More worrying research on the effects of boys’ brains -
A widely used pesticide – banned in homes but still commonly used on farms – appears to harm boys’ developing brains more than girls’, according to a new study of children in New York City.
In boys, exposure to chlorpyrifos in the womb was associated with lower scores on short-term memory tests compared with girls exposed to similar amounts.
The study is the first to find gender differences in how the insecticide harms prenatal development. Scientists say the finding adds to evidence that boys’ brains may be more vulnerable to some chemical exposures.
“This suggests that the harmful effects of chlorpyrifos are stronger among boys, which indicates that perhaps boys are more vulnerable to this type of exposure,” said Virginia Rauh, a perinatal epidemiologist at Columbia University and co-author of the study published in July.
Chlorpyrifos is an organophosphate insecticide, a powerful class of pesticide that has toxic effects on nervous systems. It was widely used in homes and yards to kill cockroaches and other insects, but in 2001 the U.S. Environmental Protection Agency banned its residential use because of health risks to children. Since then, levels inside U.S. homes have dropped, but residue remains in many homes. In addition, many developing countries still use the pesticide indoors.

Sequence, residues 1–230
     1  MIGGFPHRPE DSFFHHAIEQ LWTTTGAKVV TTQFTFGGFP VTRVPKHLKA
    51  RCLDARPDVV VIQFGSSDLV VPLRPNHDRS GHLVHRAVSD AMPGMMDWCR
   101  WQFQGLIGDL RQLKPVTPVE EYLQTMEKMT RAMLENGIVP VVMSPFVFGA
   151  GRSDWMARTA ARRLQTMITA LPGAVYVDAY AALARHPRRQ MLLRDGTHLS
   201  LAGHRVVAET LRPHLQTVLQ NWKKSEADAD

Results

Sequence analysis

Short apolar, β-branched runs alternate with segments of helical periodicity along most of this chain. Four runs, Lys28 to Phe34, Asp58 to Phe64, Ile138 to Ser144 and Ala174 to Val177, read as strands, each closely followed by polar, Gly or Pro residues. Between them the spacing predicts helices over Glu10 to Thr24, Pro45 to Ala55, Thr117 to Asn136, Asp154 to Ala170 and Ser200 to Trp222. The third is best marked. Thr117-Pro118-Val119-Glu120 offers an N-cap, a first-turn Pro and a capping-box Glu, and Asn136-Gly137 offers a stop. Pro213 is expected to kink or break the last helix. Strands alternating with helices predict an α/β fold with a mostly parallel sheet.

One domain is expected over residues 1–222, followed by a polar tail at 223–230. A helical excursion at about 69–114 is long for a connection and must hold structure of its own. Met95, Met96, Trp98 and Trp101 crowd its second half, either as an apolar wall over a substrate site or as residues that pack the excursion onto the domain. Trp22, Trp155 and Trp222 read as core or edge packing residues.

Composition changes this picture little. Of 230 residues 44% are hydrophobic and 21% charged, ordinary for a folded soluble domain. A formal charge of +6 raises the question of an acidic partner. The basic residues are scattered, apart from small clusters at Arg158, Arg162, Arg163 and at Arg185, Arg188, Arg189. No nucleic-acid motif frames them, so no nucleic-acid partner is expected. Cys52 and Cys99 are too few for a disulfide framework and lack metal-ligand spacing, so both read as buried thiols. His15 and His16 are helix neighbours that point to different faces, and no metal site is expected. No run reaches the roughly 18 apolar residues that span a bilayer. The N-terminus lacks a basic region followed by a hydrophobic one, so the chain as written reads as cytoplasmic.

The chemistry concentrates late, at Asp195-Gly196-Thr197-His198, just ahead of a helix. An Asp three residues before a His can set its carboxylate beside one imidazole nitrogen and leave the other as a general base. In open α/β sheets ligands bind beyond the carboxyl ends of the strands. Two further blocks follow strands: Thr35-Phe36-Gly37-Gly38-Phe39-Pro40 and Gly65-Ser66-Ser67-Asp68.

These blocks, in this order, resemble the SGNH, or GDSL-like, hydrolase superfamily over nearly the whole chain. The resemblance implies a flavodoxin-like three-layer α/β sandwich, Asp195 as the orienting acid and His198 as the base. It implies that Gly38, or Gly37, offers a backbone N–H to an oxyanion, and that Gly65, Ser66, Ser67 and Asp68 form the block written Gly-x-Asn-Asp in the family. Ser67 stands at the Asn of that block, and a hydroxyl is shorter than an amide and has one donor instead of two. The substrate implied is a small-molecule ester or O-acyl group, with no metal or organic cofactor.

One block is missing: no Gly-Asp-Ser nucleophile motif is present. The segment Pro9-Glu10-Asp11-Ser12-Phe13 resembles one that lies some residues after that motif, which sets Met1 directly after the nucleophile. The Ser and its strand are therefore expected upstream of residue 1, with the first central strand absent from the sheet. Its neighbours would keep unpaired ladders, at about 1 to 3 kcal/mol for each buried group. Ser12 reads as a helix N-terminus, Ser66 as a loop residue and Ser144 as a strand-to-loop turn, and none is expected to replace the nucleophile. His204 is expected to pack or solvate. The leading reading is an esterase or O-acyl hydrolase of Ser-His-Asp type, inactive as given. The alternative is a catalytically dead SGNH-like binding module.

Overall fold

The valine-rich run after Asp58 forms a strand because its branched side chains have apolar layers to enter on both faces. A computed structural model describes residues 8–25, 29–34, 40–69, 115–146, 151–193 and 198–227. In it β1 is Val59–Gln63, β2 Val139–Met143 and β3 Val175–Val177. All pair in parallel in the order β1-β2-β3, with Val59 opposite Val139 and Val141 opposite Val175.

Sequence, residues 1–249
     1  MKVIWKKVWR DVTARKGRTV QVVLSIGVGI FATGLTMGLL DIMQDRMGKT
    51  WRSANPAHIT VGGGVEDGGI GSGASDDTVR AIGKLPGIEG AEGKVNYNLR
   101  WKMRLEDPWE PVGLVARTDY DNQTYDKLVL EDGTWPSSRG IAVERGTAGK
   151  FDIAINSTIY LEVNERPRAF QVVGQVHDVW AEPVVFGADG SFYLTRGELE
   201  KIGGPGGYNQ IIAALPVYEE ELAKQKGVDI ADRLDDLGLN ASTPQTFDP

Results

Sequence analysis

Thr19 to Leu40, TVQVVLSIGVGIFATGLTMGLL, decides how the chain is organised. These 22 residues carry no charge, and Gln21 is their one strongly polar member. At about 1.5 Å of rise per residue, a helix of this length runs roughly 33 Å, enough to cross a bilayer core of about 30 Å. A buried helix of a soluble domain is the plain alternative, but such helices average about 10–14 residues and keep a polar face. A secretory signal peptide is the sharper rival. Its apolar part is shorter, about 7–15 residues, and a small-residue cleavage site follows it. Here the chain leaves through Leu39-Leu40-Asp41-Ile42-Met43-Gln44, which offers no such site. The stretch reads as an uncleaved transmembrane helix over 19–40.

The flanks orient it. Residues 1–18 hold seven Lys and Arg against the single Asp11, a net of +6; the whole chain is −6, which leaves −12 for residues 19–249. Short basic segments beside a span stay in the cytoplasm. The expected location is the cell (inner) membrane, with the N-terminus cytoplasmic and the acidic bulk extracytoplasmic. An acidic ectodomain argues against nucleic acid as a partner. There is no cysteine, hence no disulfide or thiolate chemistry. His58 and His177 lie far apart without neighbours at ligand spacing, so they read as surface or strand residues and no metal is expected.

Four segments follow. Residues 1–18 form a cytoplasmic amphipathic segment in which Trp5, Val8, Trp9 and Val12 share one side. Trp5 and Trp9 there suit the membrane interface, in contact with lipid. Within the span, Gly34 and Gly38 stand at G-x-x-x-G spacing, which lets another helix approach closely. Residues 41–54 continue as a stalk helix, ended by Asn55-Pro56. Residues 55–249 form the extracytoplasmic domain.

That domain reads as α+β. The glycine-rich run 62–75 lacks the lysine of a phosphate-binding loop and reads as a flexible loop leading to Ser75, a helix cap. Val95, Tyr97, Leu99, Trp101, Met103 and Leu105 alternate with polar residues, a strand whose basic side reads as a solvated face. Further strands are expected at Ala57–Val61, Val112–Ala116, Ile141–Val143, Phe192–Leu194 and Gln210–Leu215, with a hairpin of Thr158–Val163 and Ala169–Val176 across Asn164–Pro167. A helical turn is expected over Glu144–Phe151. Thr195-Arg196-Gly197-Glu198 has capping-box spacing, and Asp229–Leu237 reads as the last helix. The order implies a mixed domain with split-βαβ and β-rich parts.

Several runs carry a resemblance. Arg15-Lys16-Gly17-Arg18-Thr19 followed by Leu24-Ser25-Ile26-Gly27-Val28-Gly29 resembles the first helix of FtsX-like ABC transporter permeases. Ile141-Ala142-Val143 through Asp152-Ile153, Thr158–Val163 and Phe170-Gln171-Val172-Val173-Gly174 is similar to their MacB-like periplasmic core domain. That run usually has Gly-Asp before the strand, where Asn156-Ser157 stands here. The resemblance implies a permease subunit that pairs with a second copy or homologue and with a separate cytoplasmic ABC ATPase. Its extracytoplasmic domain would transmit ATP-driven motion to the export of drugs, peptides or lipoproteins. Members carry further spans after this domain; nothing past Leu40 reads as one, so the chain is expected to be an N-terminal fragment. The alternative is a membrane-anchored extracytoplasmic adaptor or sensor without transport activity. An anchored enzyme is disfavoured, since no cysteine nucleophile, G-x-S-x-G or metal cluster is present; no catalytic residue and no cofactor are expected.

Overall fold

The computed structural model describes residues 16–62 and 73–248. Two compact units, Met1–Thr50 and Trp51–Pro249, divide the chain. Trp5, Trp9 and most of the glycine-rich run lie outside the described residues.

Known by the Dow trade name Lorsban, chlorpyrifos is still sprayed on some crops, including fruit trees and vegetables, and also is used on golf courses and for mosquito control. About 10 million pounds of chlorpyrifos are applied to agricultural fields annually, according to the EPA.
“There’s mounting evidence now from epidemiological studies that prenatal exposure to organophosphate pesticides, and chlorpyrifos in particular, may be associated with detriments with IQ in children,” said Kim Harley, an environmental epidemiologist with the University of California, Berkeley who has studied effects of pesticide exposure on children in California farm towns. She was not involved in the New York City study.
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